Monday, February 20, 2017

Navigation

I surprised myself time and time again with the things that I learned during my ten years in the Army.  Land navigation is one of those things that seemed intimidating at first, but once I learned the basics I actually enjoyed conquering the challenge.  This season of my life finds me reflecting on my land navigation days and I found a few parallels that I thought I would share.

1.  Map Reading- One of the fundamentals to land navigation is map reading.  One must understand the meaning of the map symbols and the features of the terrain.  The symbols are defined by the colors on the map: black-man made, blue-water, brown-contour lines, green-vegetation, reddish-brown-roads and or relief feature.  The main features of terrain are hill, valley, ridge, saddle, and depression.  Now if you don't understand how to read a map or what the symbols mean, the map does you no good since the goal typically consists of plotting points on a map and going from point to point until you make it out to the other side.
I find this very much like life.  You must stop to assess where you are in life from time to time, so you can get to where you are trying to go.  Perhaps its understanding the culture of your company, the status of your relationships, or your progress toward your financial goals.  Whatever that thing is, there is some standard guiding what success looks like.  If you don't make yourself aware of the terrain you are navigating you will keep walking around the same valley.  How will your relationships improve if you don't establish agreed upon boundaries/symbols?  Will you ever advance in your workplace if you don't understand the culture/terrain? Will you reach your financial goals without plotting a course and following through?

2.  Using a Compass- Speaking of following a course, there are times when you can get disoriented on the land navigation course.  A heavy rain may have come through and created a new firebreak/road that is not indicated on the map.  Maybe there were brush fires that wiped out vast portions of vegetation and rendered your plotted course useless.  In these kinds of scenarios you must be able to course correct.  Using your compass will help you plot a new course given the present situation on the ground.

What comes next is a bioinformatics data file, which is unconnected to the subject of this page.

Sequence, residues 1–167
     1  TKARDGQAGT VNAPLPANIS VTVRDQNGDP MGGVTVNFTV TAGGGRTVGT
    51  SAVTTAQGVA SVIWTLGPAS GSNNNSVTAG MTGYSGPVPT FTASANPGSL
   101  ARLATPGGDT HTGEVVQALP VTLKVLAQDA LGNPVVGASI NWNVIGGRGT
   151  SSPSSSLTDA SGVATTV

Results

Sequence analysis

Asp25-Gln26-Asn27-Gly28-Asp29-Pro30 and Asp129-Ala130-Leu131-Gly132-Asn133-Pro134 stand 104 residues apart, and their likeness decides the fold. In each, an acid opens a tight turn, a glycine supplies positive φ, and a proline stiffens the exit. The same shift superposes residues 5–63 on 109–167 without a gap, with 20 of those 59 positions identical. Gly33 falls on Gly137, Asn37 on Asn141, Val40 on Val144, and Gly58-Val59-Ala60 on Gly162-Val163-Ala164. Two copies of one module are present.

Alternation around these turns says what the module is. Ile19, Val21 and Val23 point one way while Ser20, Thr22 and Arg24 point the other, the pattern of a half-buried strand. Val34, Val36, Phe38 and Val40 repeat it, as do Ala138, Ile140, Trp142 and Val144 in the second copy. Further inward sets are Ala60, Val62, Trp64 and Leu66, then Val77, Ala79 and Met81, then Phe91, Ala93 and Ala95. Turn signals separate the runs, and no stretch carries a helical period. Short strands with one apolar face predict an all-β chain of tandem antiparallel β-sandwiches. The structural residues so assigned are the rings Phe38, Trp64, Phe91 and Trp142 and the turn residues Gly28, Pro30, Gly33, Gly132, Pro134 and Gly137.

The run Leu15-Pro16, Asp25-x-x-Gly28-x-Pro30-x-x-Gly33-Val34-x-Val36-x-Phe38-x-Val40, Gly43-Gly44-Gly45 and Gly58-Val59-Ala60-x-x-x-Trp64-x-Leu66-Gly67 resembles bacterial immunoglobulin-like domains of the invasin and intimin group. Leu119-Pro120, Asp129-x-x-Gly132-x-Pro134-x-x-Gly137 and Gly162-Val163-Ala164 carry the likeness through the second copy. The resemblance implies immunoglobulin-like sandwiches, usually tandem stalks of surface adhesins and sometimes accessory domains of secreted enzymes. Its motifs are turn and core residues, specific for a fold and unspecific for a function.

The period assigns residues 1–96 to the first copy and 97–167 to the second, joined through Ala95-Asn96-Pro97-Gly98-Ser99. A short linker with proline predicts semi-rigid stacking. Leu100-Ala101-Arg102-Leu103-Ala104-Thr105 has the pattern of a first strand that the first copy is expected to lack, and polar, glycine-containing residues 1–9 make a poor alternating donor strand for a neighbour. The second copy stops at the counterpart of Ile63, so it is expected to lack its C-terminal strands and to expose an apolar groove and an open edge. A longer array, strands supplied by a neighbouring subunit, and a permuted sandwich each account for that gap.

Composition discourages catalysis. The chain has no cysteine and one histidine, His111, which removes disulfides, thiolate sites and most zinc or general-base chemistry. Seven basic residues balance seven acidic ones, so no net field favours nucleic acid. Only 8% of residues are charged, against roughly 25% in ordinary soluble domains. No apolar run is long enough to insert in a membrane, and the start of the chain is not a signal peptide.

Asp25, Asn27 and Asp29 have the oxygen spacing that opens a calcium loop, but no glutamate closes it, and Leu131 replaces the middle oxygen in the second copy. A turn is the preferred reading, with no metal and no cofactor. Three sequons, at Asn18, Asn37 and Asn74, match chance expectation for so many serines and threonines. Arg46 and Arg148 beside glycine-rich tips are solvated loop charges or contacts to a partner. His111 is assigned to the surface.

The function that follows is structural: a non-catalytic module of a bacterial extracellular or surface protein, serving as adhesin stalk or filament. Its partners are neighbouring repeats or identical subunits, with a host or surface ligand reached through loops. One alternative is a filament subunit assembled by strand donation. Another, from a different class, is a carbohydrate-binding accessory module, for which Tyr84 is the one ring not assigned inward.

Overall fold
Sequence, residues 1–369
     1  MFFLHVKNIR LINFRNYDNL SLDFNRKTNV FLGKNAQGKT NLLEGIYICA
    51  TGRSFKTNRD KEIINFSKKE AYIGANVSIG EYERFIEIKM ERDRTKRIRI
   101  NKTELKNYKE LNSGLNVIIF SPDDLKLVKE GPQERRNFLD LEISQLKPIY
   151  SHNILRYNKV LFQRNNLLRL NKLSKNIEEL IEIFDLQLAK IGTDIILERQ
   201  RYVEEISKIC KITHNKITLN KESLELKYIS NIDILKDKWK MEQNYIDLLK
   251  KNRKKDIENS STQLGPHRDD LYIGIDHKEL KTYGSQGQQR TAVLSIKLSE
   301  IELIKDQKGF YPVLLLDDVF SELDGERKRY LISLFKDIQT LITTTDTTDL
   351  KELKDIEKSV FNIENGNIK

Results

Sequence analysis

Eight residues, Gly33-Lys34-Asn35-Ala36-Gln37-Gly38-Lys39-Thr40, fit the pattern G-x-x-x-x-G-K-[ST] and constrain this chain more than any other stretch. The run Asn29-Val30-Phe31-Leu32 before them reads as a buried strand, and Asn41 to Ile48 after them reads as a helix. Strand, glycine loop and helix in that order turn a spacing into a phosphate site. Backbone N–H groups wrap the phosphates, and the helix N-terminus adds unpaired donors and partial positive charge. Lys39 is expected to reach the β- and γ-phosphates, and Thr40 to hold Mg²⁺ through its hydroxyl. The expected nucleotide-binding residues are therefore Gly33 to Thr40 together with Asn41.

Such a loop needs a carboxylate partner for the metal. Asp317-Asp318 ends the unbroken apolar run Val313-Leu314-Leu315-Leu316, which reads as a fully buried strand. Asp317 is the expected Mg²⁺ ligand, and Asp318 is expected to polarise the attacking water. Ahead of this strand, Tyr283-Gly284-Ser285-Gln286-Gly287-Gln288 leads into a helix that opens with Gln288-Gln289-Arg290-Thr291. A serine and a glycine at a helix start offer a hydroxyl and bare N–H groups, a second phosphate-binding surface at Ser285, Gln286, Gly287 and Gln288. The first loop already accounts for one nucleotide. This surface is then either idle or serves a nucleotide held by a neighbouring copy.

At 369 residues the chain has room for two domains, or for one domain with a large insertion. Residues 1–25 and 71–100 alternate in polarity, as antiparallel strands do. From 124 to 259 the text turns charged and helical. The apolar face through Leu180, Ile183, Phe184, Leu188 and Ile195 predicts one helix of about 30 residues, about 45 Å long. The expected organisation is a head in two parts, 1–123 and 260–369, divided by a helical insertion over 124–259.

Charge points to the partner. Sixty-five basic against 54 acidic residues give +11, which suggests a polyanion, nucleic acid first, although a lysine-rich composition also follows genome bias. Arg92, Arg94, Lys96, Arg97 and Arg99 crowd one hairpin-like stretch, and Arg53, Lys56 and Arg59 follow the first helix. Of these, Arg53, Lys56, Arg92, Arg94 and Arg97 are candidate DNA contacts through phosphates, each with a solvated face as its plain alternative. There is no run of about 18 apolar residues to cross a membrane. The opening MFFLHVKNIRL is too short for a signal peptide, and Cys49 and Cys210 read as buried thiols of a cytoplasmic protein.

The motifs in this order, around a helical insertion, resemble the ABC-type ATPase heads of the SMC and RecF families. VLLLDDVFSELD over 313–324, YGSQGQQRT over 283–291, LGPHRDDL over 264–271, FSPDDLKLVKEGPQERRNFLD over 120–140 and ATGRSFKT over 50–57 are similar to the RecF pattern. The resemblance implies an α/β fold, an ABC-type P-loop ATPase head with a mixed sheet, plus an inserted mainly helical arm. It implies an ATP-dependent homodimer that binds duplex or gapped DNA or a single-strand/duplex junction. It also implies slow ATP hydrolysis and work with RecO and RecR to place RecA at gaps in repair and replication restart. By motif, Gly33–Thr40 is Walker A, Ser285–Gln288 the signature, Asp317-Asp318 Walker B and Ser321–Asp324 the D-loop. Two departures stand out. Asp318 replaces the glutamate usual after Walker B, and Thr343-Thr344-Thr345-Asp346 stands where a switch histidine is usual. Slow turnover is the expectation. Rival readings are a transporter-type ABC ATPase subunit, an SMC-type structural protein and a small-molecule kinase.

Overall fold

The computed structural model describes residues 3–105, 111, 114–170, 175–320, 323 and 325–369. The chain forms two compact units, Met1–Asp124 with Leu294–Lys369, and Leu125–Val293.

Isn't that just like life?  You can have your course all mapped out and then life happens: you get laid off, major illness wipes out your savings, or relationships change and you don't even know what happened.  What do you do?  Confession time: I am an avid planner.  I used to have friends in college that would tease me because I knew what day of the week was for any date during the calendar year because I would study the calendar.  I knew where I wanted to be financially, what classes I needed to take and who the professor was going to be, and when I needed to mail out my Christmas cards to ensure they made it on time (MY set day on the calendar.)  On one hand these are great qualities but on the other hand I was bound to my schedule that I was unable to flex if things were not happening in accordance with my timeline.  This is no way to live life because things happen that are out of our control.  When things happen, we must have the resilience to face it and course correct.  Some of my strategies are are (1) finding the things that are working and build around them; (2) finding the things to be grateful for and letting go of what has been lost; (3) looking for opportunities in the midst of my challenges.  Course correction is a powerful concept because even the best laid plans are not guaranteed.  And no one should life a life imprisoned by their past thinking "what might have happened if..."

3.  Pace Count- Finally a key to land navigation from my rusty Army memory is knowing your pace count.  Your pace count is how many steps it takes you to walk 100 meters.  There are important things to note as you use your pace count on the land navigation course.  There are conditions that will lengthen or shorten your pace count: going uphill, windy conditions, sand or gravel, and poor visibility.  The main take-away here is that everyone needs to know their own pace count and how it is impacted by the conditions.  Again, this is just like life.  I can't gauge my journey by someone else's success or failure.  I always scoff when comparisons are made between athletes or artists in completely different eras under completely different circumstances.  In my opinion it is unfair and defeating to constantly compare people to one another.  I am not competing with anyone but myself.  I need to go at my pace.  I need to know what I am going to do under pressure and in the storms of life.  Each person's life is unique with its own terrain, conditions and plotted points.  Understanding your pace count will help you navigate the ground that you have to cover to get to the other side.  I equate pace count with gifts, talents, and skills.  Every person's unique set of gifts, talents, and skills being used on their individual journey produces individual results.   Learn your pace count and set your course.